Trump completes the circle

My conservative friends have abandoned all hope for me long ago, and with good cause. My liberal friends, at least those under the age of 40, may also have their doubts about me. The 2016 U.S. election gives me an opportunity to complete the circle, so let me take a few moments to drive my liberal brothers and sisters crazy.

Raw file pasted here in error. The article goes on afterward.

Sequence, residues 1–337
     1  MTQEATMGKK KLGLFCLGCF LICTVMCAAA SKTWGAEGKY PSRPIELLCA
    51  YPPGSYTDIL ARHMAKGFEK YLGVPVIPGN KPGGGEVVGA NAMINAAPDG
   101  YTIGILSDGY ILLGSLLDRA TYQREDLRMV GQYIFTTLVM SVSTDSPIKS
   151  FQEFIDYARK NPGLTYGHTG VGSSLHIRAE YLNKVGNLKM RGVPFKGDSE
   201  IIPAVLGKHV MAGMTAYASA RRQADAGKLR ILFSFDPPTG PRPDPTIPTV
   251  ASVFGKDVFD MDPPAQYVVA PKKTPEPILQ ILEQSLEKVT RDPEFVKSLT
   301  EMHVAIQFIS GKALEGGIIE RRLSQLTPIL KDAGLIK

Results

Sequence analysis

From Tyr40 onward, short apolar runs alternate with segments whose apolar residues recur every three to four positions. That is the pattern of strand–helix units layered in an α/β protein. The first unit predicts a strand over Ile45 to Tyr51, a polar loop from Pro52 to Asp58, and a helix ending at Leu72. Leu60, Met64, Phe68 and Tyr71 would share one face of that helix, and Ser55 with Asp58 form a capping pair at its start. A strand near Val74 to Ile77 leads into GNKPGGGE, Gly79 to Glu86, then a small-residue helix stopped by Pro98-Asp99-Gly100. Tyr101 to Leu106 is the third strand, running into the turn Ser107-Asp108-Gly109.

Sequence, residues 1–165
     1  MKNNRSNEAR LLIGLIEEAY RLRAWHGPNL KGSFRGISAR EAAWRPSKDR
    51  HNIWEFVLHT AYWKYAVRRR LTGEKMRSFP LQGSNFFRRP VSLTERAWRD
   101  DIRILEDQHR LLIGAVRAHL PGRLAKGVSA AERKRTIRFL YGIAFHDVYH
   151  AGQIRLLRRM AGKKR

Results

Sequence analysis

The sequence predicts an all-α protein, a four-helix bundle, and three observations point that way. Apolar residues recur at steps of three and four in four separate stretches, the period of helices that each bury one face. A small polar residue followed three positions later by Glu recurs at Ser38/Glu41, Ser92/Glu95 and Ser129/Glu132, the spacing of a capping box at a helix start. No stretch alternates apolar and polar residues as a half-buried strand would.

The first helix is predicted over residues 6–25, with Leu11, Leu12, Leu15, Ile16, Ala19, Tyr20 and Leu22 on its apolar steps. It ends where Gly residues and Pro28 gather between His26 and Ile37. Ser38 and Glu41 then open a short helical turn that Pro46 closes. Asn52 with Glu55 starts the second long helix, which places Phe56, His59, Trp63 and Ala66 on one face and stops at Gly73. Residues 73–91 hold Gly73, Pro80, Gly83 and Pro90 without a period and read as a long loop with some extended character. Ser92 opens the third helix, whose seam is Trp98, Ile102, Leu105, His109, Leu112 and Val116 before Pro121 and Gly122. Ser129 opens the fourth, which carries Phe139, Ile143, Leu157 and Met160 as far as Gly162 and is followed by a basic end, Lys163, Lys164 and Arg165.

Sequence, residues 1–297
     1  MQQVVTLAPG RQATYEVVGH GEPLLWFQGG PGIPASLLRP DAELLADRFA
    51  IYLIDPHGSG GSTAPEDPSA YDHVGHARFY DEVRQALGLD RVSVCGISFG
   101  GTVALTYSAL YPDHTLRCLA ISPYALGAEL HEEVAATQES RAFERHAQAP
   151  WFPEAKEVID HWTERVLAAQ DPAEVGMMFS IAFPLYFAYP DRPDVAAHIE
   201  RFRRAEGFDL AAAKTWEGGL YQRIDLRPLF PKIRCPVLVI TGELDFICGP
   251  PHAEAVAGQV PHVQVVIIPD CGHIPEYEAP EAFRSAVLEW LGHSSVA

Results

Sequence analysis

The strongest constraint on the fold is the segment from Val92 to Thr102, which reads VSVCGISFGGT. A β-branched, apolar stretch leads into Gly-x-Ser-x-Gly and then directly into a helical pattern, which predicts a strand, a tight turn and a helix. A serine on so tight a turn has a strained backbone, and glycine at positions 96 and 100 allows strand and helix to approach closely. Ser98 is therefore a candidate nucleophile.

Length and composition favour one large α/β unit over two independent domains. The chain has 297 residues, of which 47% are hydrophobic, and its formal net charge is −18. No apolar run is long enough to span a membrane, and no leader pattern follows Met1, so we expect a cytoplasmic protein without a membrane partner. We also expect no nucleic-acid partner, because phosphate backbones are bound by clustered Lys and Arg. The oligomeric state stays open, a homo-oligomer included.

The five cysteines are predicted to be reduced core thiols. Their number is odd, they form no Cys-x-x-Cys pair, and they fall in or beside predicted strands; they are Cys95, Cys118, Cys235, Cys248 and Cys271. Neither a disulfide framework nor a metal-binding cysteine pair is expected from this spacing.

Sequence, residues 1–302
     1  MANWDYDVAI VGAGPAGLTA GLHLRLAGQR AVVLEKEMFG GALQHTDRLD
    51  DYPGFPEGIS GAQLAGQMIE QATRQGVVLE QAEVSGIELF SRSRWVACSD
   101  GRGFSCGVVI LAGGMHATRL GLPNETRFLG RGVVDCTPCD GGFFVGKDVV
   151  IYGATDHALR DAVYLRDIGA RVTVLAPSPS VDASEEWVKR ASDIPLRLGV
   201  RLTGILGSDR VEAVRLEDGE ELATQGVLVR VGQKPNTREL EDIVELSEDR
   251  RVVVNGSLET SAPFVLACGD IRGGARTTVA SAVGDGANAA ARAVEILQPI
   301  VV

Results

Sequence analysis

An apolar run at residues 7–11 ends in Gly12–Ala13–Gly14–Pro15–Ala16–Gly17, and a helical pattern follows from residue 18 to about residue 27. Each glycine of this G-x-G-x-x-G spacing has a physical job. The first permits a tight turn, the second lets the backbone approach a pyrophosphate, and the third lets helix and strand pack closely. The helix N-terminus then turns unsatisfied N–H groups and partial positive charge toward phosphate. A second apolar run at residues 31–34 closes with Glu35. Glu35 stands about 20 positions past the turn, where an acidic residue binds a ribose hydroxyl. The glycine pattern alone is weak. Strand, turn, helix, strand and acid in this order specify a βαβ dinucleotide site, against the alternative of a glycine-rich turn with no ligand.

First, my thoughts on Trump in brief. My hunch is that he will be a terrible president – ill-informed, reckless, and easy manipulated (despite the outward braggadocio) by people who actually understand politics and world affairs. But I understand why many, including some of my friends and family, voted for him (albeit a mistake in my view). They were sick of politicians, sick of political correctness, sick of the climate in which everyone must parse every word and self-censor before every comment. To them, Trump’s showy disregard for political correctness had its appeal. And the white working class people who had worked hard all their lives and were now struggling were perhaps tired of being told to shut up and appreciate how privileged they were. (To my liberal friends, I am not commenting on the truth value of “privilege” claims, but only on the perception by this segment of voters.) This predicament left them easily swayed to vote Republican and vote Trump (against their own economic interest).